Perhaps it was meant to be. The year was 2007. I sat holding my breath inside Rohail Hyatt’s private studio. I went to his studio to interview an elusive icon of Pakistani music, but little did I know that this interaction with the very private, suspiciously talented, Rohail Hyatt was about Coke Studio.

Outside his studio — constructed behind the house — lurked the many wild cats that the Hyatts had taken in as a part of their ‘extended’ family. Rohail and his wife, Umber Hyatt, or ‘Ma’ as most of us later began to refer to her sat in the studio next to him. Rohail was no longer the frail ‘boy’ from the Vital Signs, and his golden-brown hair had grown out and was long. Umber was a tall, slender, graceful woman, her hair as short as Rohail’s were long. From being completely poker faced, Ma had a tendency of suddenly breaking out into a smile or a laugh, often when you least expect it.

“Hi Madeeha, Rohail,” he offered his outstretched hand. Umber nodded in silent approval. I pulled my notebook out to start making notes. “Would you like to have anything?” he gently asked.

It took Rohail six months to grant me the privilege of interviewing him; he had chosen to remain elusive from the public eye for a long time. Rohail had thoroughly vetted me for those six months, through an exchange of emails and text messages, and ensured that my philosophy on life, music and journalism were all acceptable to him.

Before I knew it, Rohail had pulled me into a conversation about a new music project — the mechanics of which were rather abstract. Something seemed to be bubbling inside his head, but it wasn’t quite clear to me exactly what he had in mind. It was Rohail Hyatt, and that was all the validation I needed.

What did become amply clear was that I was no longer there for an interview. Rohail was instead recruiting me to be a part of a very fancy-sounding ‘Producer’s Team’. The job description was extensive: list all the artistes and musicians working in Pakistan, write short descriptions of each, list their pros and cons, and at times call them to come in for meet and greets.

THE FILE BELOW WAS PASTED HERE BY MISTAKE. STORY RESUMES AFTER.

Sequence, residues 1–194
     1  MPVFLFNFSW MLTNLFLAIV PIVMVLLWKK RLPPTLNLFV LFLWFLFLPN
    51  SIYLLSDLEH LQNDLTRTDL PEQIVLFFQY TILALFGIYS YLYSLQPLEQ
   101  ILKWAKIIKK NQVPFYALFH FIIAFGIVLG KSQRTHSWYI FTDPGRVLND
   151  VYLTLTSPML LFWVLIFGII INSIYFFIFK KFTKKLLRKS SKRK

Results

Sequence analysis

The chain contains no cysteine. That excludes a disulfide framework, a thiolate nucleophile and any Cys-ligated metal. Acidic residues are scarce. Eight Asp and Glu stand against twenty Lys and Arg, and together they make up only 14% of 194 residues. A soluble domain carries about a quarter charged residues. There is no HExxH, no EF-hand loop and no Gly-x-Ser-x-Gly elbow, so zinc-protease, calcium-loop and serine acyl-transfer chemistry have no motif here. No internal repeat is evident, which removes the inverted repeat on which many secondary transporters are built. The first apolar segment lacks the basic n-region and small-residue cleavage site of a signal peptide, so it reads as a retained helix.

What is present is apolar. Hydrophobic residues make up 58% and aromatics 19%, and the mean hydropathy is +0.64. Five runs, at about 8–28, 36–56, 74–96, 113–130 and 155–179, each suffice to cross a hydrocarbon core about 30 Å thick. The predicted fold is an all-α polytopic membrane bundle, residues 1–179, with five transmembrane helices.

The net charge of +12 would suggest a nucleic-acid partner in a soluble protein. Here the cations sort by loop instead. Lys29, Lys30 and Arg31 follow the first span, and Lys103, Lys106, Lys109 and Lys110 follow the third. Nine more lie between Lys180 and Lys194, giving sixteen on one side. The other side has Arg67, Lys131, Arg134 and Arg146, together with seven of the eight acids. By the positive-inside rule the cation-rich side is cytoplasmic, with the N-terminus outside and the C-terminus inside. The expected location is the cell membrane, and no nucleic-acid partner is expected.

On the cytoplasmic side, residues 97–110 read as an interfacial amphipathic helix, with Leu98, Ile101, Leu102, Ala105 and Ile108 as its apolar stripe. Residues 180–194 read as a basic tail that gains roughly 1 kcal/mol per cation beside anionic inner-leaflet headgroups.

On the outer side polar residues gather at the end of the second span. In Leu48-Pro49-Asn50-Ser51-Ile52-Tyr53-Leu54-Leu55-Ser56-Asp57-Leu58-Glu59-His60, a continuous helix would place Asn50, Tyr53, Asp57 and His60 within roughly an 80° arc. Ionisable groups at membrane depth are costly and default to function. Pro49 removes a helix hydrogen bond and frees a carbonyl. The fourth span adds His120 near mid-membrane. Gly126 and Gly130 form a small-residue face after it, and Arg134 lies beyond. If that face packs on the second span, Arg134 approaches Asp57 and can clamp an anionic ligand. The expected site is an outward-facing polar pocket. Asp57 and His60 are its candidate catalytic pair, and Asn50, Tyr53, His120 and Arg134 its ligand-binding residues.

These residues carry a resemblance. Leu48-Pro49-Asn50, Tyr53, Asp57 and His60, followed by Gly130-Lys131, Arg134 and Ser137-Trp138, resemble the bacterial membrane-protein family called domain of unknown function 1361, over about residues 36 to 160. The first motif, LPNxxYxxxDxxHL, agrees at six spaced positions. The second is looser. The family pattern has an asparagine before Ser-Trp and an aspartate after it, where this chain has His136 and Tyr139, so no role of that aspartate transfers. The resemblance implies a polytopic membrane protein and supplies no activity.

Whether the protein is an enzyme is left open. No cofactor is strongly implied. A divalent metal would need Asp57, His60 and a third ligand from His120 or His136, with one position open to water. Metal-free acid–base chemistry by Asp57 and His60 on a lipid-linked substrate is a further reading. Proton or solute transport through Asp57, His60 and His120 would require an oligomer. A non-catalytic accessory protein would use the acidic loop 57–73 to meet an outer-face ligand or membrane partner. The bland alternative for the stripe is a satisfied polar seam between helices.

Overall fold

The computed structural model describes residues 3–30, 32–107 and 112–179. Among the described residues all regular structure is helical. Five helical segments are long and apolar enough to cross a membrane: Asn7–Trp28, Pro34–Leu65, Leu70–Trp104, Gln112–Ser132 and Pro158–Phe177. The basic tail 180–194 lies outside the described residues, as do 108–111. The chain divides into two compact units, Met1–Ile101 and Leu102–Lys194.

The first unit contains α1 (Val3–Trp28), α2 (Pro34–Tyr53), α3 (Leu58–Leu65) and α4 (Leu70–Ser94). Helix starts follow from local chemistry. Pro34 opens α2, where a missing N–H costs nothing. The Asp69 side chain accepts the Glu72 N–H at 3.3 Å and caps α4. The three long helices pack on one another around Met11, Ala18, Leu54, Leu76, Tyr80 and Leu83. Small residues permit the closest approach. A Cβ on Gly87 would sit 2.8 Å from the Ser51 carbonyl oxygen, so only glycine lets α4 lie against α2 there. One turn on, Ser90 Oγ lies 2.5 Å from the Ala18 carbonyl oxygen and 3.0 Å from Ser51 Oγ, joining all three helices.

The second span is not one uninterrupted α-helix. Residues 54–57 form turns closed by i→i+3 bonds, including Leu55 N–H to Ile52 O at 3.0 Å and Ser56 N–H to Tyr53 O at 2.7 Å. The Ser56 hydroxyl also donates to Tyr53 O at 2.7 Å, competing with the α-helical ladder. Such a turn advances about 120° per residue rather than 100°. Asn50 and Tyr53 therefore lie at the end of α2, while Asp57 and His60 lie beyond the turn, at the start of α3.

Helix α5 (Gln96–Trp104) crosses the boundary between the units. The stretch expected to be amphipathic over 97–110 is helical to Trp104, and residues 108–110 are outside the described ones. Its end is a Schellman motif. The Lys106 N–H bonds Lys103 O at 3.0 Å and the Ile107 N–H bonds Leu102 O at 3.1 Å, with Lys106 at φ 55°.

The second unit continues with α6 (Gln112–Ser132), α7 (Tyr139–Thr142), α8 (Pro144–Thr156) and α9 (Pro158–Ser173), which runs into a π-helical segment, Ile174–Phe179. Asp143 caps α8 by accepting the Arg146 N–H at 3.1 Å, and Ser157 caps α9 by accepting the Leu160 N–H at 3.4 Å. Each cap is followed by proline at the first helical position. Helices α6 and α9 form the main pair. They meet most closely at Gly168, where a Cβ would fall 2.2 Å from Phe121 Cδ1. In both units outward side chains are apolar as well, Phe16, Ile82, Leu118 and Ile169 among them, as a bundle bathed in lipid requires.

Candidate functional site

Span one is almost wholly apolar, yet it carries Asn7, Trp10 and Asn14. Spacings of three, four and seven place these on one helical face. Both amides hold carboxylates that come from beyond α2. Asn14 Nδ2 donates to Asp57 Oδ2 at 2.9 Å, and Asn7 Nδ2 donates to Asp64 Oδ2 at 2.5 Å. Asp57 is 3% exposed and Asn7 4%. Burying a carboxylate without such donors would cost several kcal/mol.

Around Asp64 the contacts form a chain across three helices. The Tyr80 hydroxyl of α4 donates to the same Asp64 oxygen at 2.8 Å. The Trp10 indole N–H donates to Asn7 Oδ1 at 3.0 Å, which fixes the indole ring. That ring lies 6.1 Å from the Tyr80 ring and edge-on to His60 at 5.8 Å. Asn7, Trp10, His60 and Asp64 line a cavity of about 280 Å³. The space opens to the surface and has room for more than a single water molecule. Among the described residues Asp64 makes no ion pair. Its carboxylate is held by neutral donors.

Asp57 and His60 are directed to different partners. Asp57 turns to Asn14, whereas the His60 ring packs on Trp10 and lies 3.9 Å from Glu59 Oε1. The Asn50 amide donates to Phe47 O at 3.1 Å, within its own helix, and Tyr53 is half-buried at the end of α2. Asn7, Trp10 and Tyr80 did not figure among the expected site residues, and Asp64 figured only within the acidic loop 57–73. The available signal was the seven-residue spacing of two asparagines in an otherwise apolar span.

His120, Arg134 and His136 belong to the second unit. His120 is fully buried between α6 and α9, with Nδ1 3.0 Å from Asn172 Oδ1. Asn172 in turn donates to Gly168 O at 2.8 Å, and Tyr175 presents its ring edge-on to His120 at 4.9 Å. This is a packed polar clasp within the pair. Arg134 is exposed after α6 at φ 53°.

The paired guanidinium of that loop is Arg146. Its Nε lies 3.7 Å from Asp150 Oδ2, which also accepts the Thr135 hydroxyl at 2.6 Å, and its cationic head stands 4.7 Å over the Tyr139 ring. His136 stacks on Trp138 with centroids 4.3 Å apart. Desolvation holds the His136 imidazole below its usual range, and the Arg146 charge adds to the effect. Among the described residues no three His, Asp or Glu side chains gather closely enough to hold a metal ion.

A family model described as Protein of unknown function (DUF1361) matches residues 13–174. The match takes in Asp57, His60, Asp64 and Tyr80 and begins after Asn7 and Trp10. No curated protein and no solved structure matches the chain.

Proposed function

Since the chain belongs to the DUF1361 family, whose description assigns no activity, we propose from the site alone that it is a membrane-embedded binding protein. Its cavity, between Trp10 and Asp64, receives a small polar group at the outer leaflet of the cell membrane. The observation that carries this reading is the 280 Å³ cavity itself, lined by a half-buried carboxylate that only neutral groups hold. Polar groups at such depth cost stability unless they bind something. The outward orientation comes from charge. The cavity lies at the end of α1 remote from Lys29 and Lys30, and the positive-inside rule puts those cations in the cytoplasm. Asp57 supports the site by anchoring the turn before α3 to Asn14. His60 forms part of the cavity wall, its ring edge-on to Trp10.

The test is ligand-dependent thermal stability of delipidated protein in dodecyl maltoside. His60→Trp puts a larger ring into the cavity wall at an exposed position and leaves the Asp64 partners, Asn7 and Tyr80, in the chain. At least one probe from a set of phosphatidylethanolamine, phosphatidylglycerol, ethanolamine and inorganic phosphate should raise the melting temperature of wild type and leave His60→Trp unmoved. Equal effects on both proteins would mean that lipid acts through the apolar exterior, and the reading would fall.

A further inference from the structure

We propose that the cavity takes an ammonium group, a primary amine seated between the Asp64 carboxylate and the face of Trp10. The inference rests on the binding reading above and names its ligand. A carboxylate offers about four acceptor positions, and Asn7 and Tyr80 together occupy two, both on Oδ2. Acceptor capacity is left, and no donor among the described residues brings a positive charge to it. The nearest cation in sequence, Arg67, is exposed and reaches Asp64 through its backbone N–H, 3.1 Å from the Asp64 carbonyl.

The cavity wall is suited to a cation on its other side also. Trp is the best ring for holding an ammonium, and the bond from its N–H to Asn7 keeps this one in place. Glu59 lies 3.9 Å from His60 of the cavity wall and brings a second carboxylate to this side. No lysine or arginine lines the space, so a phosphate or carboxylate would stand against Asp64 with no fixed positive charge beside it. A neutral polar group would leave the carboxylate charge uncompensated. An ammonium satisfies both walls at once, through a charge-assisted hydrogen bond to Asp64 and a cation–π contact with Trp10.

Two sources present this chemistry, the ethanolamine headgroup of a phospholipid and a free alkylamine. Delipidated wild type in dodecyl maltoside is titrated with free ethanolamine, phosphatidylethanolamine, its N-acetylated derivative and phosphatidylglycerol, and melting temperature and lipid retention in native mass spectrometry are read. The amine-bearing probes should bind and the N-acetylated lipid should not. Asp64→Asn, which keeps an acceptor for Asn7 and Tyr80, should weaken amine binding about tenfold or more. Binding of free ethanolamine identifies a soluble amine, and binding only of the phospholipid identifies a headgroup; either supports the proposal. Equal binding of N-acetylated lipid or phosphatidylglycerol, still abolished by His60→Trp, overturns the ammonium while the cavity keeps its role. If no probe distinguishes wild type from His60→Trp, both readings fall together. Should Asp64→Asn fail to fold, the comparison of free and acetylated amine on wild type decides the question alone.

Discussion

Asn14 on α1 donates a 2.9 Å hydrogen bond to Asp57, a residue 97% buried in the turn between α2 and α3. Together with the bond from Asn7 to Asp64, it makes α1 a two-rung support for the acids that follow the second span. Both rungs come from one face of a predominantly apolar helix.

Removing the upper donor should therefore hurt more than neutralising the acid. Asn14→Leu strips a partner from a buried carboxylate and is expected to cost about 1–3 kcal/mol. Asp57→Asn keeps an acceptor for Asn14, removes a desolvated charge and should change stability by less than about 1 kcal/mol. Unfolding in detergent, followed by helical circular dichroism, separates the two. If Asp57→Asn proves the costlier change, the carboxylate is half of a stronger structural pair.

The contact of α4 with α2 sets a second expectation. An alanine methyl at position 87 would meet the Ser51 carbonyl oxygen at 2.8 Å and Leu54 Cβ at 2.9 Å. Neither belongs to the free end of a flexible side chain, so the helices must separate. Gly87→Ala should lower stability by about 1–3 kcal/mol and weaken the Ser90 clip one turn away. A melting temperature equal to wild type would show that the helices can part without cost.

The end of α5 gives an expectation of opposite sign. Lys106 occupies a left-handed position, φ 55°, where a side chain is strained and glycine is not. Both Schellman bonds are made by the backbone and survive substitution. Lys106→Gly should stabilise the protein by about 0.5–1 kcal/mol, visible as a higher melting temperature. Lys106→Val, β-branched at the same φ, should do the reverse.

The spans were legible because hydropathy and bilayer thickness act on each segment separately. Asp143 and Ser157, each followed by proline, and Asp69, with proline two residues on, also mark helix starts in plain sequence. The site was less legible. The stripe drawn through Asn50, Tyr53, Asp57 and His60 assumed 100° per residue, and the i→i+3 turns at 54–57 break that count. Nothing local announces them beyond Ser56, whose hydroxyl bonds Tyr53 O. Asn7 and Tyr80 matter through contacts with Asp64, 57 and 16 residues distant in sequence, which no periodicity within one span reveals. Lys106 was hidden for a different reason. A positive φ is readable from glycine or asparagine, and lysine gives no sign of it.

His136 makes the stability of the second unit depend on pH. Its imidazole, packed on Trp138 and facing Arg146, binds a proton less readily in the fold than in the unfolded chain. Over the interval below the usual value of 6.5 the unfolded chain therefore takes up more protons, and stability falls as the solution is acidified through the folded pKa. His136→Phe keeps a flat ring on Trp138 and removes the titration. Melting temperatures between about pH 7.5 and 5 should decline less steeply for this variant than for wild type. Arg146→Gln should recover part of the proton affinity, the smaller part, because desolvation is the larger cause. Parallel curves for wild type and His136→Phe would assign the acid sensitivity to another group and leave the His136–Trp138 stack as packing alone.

Then there were promotion tasks: find a photographer and/or photographs to use for the project, arrange for the audience, set up a Coke Studio Facebook page, and put out little snippets of information regarding the project to assess feedback. And along with my colleague, find and talk to the company that would create and manage the Coke Studio website.

Before we could begin working on the project, we had to study a little bit of the artistic endeavours Coke had invested in or initiated around the world — that included artistic exhibitions and, Estúdio Coca-Cola a music show in which different artistes collaborated and later performed in front of a live audience. This was to give an idea of what to expect — otherwise there are fundamental differences between how the two shows came out to be.

Slowly but surely, Rohail’s studio began to fill up as musicians and artists began arriving to have their first meeting with him. One by one, Rohail would meet with artists, bonding with them over their purist love of music. “Music is a language that speaks to everyone,” he once said. From an initial unsure hello to jamming together soon after or engaging in never-ending conversations seemed to become a permanent feature of the producer-artiste introductions.

The Hyatts were gracious hosts. They had invented a sort of ‘apple tea’, which later became their signature. Cut a slice of an apple and add it to piping hot jasmine tea to add touch of zing to the flavour. It soon became a favourite among the people of the studio. As the studio shifted from their home to the warehouse, so did their personal mugs.

The hours that we worked were long. In fact, sometimes there seemed to be no distinction between night and day when working on the project. Getting done in the wee hours of the morning while having worked through most of the day was ‘normal’. Even after recordings ended — usually around 3-4am, a ‘core’ meeting would be held back at the home studio to reassess the day. What just happened, what went wrong, what went right, what needed to be done — everything was discussed. I was officially spending more time at the Hyatts than at home.

Next week: putting the ‘fizz’ in ...



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